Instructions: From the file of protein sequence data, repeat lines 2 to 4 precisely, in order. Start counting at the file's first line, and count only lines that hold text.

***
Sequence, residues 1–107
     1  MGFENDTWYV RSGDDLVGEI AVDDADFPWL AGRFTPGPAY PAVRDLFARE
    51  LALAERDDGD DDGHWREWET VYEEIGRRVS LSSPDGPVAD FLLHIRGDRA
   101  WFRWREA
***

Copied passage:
     1  MGFENDTWYV RSGDDLVGEI AVDDADFPWL AGRFTPGPAY PAVRDLFARE
    51  LALAERDDGD DDGHWREWET VYEEIGRRVS LSSPDGPVAD FLLHIRGDRA
   101  WFRWREA